The AP deposition of metallic Rh onto an SUS foil was found to be a novel and efficient preparation process for a catalytic TWC converter material. The (111)-oriented and ca. 3 nm-thick Rh overlayer, which fully covered the surface of the SUS foil, was obtained after 1,000 AP pulses. Honeycomb catalysts fabricated from flat and corrugated Rh/SUS foils successfully demonstrated light-off in simulated TWC reactions under practical space velocity conditions (GHSV = 1.2 × 105 h−1). Compared with a conventional Rh/ZrO2/cordierite honeycomb, which was prepared by wet impregnation and slurry coating, the Rh/SUS honeycomb achieved faster light-off of the vital NO–CO reaction and consequently achieved a ca. 80-fold higher TOF. Despite its small number of active sites in comparison with the conventional supported nanoparticle powder catalysts, the very high TOF of the Rh overlayer enabled high overall reaction rates using a lower Rh loading.


Catalyst preparation and characterisation

As shown in Fig. 1a, the AP deposition apparatus consisted of a vacuum chamber with a turbo-molecular pumping system, an arc discharge source (Ulvac Inc., ARL-300) with a Rh metal cathode (ϕ 10 mm, 99.9%, Furuya Metals, Co. Ltd.) and a rotating container for substrates. A commercially available Fe–Cr–Al SUS foil (75 atom% Fe, 20 atom% Cr, 5 atom% Al, Nippon Steel & Sumikin Materials) with a thickness of 51 μm was placed below the AP source in the vacuum chamber. A pulsed arc-plasma with a period of 0.2 ms and a current amplitude of 2 kA was generated from a Rh metal target with a frequency of 1.0 Hz and was irradiated onto an SUS foil to deposit Rh at ambient temperature. The Rh loading on the SUS foil was determined using a quartz crystal microbalance (STM-2, Inficon). As-prepared Rh-coated foils are expressed in terms of Rh/SUS. Flat and corrugated foils (10 mm × 40 mm and 10 mm × 55 mm, respectively) after 400 AP pulses on each side were wrapped together into a monolithic honeycomb shape and fixed in a quartz tube (ϕ 10 mm × 10 mm, 600–800 cells in−2, see the inset of Fig. 4b). A reference honeycomb catalyst with a similar geometry was prepared by a conventional wet process. A powdered catalyst, 0.4 mass% Rh/ZrO2, was prepared by the impregnation of ZrO2 powders (JRC-ZRO-3, the Catalysis Society of Japan) with an aqueous solution of Rh(NO3)3 (Tanaka Kikinzoku), followed by drying and calcining at 600 °C for 3 h in air. The reference honeycomb catalyst was prepared by dipping a cordierite honeycomb (ϕ 10 mm × 10 mm, 600 cells in−2, NGK Insulators, Ltd.) into a slurry, which was prepared by ball-milling of the catalyst powder (Rh/ZrO2), an inorganic binder and water, followed by drying at 90 °C and calcination at 600 °C for 3 h.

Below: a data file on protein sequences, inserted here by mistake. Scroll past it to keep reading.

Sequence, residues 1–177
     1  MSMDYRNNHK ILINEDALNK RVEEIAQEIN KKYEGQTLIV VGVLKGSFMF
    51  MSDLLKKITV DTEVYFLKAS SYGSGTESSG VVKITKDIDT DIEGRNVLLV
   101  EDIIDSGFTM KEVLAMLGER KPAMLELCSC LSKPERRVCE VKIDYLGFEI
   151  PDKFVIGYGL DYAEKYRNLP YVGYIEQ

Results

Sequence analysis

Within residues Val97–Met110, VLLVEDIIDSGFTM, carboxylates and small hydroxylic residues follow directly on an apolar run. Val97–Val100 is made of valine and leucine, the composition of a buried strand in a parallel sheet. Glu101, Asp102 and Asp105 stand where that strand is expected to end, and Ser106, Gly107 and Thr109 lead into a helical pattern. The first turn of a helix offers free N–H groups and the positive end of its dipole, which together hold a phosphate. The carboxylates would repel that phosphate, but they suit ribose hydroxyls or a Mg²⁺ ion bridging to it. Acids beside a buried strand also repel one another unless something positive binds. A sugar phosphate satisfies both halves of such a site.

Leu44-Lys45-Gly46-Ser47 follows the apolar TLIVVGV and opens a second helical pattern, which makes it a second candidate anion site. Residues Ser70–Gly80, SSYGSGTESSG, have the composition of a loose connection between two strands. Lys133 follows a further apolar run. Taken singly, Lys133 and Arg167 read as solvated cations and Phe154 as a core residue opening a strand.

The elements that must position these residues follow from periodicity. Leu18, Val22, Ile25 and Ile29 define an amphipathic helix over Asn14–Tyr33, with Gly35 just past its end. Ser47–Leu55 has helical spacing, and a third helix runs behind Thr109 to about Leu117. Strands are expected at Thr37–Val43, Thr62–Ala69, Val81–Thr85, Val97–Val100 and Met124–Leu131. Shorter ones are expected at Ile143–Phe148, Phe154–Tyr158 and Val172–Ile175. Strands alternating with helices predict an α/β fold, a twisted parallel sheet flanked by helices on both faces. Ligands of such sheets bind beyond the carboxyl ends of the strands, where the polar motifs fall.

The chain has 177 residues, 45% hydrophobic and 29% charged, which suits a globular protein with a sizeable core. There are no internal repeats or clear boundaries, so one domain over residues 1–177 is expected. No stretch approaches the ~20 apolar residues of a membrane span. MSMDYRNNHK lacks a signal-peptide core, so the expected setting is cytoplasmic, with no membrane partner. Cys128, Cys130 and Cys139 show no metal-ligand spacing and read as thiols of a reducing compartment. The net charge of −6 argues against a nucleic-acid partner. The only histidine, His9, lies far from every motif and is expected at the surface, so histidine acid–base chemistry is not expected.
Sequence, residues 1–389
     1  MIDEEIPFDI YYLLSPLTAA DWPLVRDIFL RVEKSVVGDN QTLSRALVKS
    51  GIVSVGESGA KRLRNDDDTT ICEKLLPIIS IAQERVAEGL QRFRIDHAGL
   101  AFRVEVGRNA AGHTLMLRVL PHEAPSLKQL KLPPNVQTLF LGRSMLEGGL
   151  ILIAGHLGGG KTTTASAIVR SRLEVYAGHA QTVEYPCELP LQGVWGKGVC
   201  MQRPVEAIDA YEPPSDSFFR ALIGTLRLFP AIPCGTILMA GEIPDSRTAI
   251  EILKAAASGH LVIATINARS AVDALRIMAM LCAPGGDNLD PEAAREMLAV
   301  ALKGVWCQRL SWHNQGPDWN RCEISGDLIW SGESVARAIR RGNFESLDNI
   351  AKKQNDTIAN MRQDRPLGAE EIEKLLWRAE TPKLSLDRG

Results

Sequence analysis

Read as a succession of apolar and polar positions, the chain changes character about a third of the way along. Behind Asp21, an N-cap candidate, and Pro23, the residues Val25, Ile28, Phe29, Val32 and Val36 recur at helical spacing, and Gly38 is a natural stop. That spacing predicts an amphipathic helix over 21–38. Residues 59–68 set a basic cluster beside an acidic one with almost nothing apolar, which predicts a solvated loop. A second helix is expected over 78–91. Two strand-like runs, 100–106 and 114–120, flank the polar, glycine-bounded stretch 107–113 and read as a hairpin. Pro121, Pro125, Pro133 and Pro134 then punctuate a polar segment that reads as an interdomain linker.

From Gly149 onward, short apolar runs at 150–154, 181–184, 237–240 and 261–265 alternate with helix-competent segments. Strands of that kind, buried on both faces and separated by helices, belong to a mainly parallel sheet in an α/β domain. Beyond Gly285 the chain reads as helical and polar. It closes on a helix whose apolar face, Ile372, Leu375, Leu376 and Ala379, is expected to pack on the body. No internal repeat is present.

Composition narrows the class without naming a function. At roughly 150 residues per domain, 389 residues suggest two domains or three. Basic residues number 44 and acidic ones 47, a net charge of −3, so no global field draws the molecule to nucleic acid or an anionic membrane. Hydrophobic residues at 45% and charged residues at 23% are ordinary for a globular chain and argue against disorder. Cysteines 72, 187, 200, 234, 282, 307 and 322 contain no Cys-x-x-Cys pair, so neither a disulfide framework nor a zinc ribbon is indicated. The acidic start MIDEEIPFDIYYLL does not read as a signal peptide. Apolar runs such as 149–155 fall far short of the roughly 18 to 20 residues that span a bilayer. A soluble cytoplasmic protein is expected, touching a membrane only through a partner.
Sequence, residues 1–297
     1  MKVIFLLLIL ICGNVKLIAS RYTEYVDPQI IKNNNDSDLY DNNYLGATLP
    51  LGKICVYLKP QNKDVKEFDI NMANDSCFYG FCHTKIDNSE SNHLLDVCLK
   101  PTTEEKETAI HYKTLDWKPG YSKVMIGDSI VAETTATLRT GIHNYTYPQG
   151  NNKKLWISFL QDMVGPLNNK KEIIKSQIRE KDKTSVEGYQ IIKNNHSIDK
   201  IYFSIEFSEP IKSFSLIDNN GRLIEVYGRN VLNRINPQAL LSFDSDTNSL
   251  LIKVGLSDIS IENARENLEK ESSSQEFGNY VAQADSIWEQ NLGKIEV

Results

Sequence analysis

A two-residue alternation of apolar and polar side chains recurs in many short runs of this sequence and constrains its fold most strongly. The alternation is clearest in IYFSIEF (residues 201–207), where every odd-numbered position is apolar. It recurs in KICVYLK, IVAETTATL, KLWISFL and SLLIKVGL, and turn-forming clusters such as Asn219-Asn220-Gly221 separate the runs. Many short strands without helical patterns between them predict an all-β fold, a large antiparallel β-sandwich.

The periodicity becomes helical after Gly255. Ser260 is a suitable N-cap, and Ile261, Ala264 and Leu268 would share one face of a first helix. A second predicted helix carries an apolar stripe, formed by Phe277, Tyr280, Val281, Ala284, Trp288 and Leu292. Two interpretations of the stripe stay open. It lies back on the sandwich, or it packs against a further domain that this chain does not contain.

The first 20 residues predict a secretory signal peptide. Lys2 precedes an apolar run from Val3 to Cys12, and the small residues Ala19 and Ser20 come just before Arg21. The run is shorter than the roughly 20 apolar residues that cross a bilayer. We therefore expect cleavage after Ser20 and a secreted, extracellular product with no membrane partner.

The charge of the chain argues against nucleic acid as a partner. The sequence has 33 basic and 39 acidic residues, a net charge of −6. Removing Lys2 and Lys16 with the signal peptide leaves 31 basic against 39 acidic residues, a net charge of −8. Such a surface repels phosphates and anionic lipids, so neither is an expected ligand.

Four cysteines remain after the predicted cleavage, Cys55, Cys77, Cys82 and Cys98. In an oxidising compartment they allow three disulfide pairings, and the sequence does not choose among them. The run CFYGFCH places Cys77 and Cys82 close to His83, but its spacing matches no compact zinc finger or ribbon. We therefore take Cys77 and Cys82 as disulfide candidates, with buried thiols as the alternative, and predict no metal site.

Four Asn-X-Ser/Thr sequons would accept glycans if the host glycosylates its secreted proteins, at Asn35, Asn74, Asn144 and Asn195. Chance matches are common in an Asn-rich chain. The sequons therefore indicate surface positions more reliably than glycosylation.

The characterisation of Rh/SUS foil samples was conducted using X-ray diffraction XRD, XPS, EXAFS, TEM, SEM and laser microscopy. The crystal structure of the sample was determined using XRD employing monochromatic CuKα radiation (40 kV, 200 mA, RINT2000, Rigaku). The surface analysis of the sample was conducted with XPS using monochromated AlKα radiation (12 keV, K-Alpha, Thermo Fisher Scientific). The binding energy was charge-referenced to C 1s at 285 eV. The local coordination around the Rh atoms was investigated by Rh K-edge EXAFS, which was recorded on an NW10A station at the Photon Factory Advanced Ring, High Energy Accelerator Research Organization (KEK) (Proposal No. 2014G567). The spectral data were recorded at room temperature in transmission mode using a Si(311) double-crystal monochromator, or in fluorescence mode using a solid-state detector. TEM and SEM micrographs were acquired using an FEI TECNAI F20 operating at 200 kV or an FEI QUANTA FEG 250 operating at 20 keV, respectively. For elemental mapping analysis, energy-dispersive X-ray analysis (TEAM, EDAX) was used. The surface topographic analysis was performed by a confocal laser scanning microscope (VK-X250, Keyence).

Catalytic reactions